'Cognitive dance party' brings AI to the club

A high-tech dance party before dawn
A high-tech dance party before dawn

San Francisco bar Folsom Street Foundry typically serves cocktails and hosts social events well into the night. But before the sun came up on Wednesday morning, it held a dance party with a high-tech twist.

Daybreaker -- the organization that holds morning dance parties, which start with a 6 a.m. workout -- partnered with IBM for the first "cognitive dance party," powered by artificial intelligence engine Watson.

Watson is used in hospitals, banks and classrooms, but the company showed off its playful side for hundreds of early risers in the Bay Area. The system assigned workouts, powered the dance floor, created breakfast recipes, and pulled data from social media as an LED sun rose inside.

Upon registering, participants used Watson's Personality Insights service to analyze their strongest personality traits based on tweets or a short survey. Each personality received a color -- purple for conscientious, red for outgoing and yellow for expressive. Dancers wore their colors to the event.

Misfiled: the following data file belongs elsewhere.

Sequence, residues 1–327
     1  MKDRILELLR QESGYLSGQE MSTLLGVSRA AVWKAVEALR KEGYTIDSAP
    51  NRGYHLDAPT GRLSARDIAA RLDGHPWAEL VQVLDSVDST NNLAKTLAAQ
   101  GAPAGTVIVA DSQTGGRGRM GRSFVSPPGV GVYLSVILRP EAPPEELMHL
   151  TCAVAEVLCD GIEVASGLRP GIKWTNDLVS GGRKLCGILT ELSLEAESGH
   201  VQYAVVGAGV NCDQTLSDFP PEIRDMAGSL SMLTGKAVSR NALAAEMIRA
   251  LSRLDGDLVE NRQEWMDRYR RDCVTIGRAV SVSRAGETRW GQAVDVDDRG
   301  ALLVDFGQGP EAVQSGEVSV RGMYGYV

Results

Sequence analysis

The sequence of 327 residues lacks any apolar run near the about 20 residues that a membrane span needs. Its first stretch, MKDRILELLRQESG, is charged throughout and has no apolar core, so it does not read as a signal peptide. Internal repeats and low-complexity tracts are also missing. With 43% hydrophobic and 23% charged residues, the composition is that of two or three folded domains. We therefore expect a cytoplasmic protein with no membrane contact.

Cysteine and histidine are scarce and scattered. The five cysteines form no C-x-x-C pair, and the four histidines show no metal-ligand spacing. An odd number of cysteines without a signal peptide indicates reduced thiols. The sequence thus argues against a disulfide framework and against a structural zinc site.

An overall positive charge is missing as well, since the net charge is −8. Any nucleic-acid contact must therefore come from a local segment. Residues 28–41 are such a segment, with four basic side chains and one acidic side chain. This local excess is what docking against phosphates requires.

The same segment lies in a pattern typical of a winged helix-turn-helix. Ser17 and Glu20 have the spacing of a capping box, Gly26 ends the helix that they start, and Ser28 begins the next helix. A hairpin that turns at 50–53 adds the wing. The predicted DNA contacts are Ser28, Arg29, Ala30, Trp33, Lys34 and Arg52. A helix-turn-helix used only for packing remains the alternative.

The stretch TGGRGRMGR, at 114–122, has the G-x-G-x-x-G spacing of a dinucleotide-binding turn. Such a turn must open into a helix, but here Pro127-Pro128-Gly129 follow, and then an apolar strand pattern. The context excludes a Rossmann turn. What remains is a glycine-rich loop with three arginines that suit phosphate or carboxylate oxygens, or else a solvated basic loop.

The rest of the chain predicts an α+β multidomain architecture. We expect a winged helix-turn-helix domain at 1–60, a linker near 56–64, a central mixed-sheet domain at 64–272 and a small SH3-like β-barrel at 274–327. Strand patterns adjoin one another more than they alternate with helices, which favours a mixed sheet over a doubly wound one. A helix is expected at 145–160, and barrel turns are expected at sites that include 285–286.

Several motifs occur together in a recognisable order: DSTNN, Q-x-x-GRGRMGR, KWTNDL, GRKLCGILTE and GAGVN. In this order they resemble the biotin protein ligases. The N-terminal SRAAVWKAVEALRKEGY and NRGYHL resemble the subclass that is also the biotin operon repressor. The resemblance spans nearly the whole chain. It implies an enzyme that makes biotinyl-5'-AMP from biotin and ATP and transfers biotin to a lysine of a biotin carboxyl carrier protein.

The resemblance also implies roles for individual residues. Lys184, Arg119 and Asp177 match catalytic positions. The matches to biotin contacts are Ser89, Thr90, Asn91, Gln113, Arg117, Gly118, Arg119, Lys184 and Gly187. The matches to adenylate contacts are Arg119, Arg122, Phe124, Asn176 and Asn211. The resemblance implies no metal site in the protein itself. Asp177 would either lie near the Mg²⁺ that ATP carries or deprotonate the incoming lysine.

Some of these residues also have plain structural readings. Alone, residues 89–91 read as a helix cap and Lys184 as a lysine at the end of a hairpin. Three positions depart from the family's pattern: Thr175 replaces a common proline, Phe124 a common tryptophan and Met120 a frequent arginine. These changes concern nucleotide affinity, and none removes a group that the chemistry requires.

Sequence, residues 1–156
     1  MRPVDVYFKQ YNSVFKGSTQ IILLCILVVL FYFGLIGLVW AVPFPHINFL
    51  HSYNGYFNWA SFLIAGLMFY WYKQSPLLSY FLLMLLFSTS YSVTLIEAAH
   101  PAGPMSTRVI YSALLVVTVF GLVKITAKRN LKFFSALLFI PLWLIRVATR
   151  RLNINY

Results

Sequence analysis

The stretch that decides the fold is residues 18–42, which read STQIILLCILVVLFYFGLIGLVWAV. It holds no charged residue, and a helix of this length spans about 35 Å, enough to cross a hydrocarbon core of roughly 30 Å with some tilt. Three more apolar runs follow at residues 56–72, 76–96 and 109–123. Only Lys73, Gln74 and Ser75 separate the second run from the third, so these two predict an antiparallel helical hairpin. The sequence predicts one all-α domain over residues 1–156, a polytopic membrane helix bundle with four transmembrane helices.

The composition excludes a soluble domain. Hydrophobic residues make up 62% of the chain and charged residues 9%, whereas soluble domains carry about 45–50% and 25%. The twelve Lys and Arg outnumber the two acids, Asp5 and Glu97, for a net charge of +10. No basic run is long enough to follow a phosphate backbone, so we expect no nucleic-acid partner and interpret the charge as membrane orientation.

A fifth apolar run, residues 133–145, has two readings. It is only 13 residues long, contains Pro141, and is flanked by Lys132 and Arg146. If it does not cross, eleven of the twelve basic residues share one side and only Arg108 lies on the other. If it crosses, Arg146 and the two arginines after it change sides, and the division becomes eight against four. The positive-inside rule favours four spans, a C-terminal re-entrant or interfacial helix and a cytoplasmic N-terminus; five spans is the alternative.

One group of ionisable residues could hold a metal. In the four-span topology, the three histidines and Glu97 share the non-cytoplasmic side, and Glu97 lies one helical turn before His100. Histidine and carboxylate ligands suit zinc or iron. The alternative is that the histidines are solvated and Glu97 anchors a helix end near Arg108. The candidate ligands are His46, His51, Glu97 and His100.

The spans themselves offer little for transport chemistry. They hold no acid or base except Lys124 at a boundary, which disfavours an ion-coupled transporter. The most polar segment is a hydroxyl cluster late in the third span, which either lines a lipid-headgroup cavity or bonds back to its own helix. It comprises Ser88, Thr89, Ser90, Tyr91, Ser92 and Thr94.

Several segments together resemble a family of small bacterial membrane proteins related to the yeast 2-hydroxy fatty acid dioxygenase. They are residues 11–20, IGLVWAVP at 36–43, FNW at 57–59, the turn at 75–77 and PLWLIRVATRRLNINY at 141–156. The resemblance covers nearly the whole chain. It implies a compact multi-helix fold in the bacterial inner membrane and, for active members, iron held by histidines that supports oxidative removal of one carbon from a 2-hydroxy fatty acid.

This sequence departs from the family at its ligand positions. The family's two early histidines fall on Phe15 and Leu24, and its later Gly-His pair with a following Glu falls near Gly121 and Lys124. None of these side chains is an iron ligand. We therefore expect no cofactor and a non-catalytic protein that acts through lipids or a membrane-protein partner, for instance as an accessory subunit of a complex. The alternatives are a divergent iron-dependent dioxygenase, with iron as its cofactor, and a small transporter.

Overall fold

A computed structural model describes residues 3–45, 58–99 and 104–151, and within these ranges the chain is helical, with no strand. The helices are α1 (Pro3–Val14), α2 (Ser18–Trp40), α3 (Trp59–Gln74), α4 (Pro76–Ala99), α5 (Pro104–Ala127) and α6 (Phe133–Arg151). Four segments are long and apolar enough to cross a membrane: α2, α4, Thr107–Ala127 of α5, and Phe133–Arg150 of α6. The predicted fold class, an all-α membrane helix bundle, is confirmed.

daybreaker workout

Color groups also designated specialized fitness activities before the dance party. Yoga for the purple participants, capoeira for reds and high-intensity interval training for the yellow crew. Chef Watson, the company's AI-powered cooking assistant, created color-coded recipes.

"This is a chance for us to provide a hands-on experience that shows how Watson works and how [people] can use it to come up with new ideas," Gabrielle Gugliocciello, a spokeswoman for IBM said. "Pushing the boundaries of people's imagination is a central part of extending this impact, and events like Daybreaker help us inspire the thinking that fuels this potential."

daybreaker dance floor

The dance floor was illuminated by everyone's "energy." colors. Meanwhile, a "sun" rose on the dance floor and changed colors based on the sentiment of the morning's tweets.

sunrise daybreaker dj

Daybreaker, which not only takes place in clubs but also on boats, attracts a variety of people in the Bay Area, including tech workers, startup founders, and "burners," the folks who go to Burning Man each year. Daybreakers are also gaining in popularity around the world, from Boston and New York to Shanghai.

Although it may sound strange to wake up early and go dancing, Daybreaker goers find it invigorating.

Oakland resident Kat, a 29-year-old who works at a tech company in San Francisco, attended Wednesday's event with a colleague.

"It's way to get away from everything that's going on right now," she told CNN.

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